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Friday, February 18, 2005


The Breaking of All Connections with One's Home, for the Sake of Allah Alone

After his companions had left for Yathrib, the Prophet (p.b.u.h.) stayed in Mecca, waiting for permission from Allah to leave the city. Abu Bakr and ‘Ali stayed with him. There were also some Muslims whom Quraysh had not allowed to leave. Abu Bakr kept asking the Prophet (p.b.u.h.) to allow him to go to Yathrib, but the Messenger of Allah (p.b.u.h.) kept saying, 'Do not be in a hurry; it might be that Allah will give you a traveling companion.'

The leaders of Quraysh assembled in the house of their ancestor, Qusayy, as was customary when they had an important decision to make. They had to find a way of getting rid of the Prophet Muhammad (p.b.u.h.), before he was able to join his friends in Yathrib.

As they were busy arguing, the Devil appeared at the door in the form of a noble and handsome old man. When they saw this elderly gentleman standing there, they asked him who he was. He said he was a sheikh from the mountains who had heard what they meant to do and thought he might be able to help or advise them. They thought he looked like a wise man, so they invited him in.

Each leader then started to put forward ideas about what should be done, but none of them could agree about which was best, until Abu Jahl told them his plan. This was that each clan should provide a strong, young warrior, each of whom would be given a sword. All the young warriors would then wait outside the Prophet's house and together attack him as he came out. In this way they would be rid of him but as the blame for killing him would fall on all the clans, the Prophet's family would not be able to seek revenge.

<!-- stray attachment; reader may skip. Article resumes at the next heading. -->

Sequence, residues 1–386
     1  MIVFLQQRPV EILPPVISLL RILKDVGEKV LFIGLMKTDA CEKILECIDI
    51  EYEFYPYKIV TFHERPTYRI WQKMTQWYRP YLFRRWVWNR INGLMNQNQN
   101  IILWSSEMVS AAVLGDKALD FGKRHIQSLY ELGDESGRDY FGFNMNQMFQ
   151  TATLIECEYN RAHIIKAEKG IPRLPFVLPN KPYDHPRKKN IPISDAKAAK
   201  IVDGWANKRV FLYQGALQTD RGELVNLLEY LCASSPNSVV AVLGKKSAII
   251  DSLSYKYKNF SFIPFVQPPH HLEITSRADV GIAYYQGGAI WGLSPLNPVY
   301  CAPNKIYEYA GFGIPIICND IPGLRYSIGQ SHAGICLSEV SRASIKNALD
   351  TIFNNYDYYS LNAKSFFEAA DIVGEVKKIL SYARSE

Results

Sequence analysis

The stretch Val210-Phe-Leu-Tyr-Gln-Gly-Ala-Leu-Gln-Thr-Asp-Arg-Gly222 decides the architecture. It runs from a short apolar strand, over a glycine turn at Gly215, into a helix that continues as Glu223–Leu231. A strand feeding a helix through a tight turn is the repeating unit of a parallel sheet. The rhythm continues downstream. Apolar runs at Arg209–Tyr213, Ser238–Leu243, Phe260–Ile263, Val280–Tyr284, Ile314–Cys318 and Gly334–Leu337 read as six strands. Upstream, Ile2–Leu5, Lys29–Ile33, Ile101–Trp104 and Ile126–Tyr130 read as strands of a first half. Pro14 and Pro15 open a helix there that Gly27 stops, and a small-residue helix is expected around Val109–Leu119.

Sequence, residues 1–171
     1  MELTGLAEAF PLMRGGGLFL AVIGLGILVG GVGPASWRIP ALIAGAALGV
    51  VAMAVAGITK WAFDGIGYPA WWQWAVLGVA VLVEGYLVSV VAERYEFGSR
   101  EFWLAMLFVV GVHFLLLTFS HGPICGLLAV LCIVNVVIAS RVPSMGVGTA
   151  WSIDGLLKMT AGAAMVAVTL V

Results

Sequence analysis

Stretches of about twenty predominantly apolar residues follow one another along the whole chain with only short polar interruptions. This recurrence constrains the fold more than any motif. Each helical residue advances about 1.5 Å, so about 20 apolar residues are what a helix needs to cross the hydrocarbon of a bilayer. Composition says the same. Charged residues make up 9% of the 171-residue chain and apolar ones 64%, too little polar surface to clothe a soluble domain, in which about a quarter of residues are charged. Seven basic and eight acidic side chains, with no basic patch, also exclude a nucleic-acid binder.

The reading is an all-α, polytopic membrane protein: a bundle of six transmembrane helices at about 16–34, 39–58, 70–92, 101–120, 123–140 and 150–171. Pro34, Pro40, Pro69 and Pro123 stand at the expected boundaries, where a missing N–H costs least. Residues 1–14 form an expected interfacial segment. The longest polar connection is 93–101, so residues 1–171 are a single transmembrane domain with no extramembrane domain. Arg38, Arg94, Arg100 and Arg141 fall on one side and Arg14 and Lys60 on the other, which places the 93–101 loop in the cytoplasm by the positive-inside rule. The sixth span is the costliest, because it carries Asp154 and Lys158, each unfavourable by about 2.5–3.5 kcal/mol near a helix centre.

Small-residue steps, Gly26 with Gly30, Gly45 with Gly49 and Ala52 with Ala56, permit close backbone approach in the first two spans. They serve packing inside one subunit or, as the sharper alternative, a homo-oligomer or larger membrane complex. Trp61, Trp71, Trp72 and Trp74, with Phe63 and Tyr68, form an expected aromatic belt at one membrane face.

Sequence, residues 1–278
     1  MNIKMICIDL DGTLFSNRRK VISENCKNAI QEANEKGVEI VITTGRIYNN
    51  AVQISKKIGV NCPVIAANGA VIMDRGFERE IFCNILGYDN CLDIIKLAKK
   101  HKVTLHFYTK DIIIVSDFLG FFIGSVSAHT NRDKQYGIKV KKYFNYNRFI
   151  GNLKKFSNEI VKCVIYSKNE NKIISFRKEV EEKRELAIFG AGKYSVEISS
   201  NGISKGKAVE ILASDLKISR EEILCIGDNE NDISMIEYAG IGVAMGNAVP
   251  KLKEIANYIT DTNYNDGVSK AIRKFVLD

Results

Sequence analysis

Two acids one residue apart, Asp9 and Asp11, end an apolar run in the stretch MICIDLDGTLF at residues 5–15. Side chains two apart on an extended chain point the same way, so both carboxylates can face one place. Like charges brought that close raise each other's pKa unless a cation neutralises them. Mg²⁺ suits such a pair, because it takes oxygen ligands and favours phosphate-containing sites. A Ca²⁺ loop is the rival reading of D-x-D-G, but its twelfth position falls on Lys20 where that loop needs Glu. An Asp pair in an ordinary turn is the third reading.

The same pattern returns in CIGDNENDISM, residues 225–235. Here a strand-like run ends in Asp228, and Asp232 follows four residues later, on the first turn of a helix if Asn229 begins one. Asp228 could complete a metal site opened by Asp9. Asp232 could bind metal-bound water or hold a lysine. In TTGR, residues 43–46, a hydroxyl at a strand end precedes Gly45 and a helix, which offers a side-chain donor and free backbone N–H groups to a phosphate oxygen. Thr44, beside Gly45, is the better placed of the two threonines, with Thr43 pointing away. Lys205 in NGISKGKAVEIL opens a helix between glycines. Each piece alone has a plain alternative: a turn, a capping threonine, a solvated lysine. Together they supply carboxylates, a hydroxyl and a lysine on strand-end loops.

When he heard this, the Devil in the disguise of the old man, said, 'That man is right; in my opinion it is the only thing to do!' The leaders of Quraysh then left to carry out their plan to murder the Prophet (p.b.u.h.).

In the Name of Allah, the Beneficent, the Merciful

And when the unbelievers plot against thee, to confine thee, or kill thee, or to drive thee out, they were plotting, But Allah was (also) plotting; and Allah is the best of plotters. (Koran viii. 30)

Before the night fell, on which Muhammad (p.b.u.h.) was to be killed, the Archangel Gabriel came to him and said, 'Do not sleep tonight in your own bed.' The Prophet (p.b.u.h.) understood what was going to happen, so he told ’Ali to lie in his bed and wrap himself in the blanket that the Prophet (p.b.u.h.) normally used, promising that no harm would befall him.

With the coming of darkness the young men of Quraysh had gathered outside the Prophet's house, waiting for him to come out. After he had made sure that ’Ali was safe, the Prophet (p.b.u.h.) left the house. At that very moment, Allah took away the sight of the warriors so that they could not see the Prophet (p.b.u.h.), who took a handful of dust, sprinkled it on their heads and recited these verses:
In the Name of Allah, the Beneficent, the Merciful
Ya Sin By the Wise Koran, Thou art truly among those sent On the straight path; A Revelation of the All-mighty, the All-wise, That thou may warn a people whose fathers were never warned, so they are heedless. The Word has already proved true of most of them, yet they do not believe. Lo! We have put on their necks collars of iron up to the chin, so that they are made stiff-necked. And We have put before them a barrier; and We have covered them so they do not see. (Koran XXXVi.I-9)

The young men waited the whole night and were furious when, in the morning, they saw ’Ali instead of the Prophet (p.b.u.h.) coming out of the house. They realized that their plan had failed completely.

In the meantime, the Prophet (p.b.u.h.) went to Abu Bakr's house and told him, ‘Allah has told me that now is the time for us to leave Mecca.’

'Together?' asked Abu Bakr.

'Together', the Prophet (p.b.u.h.) replied.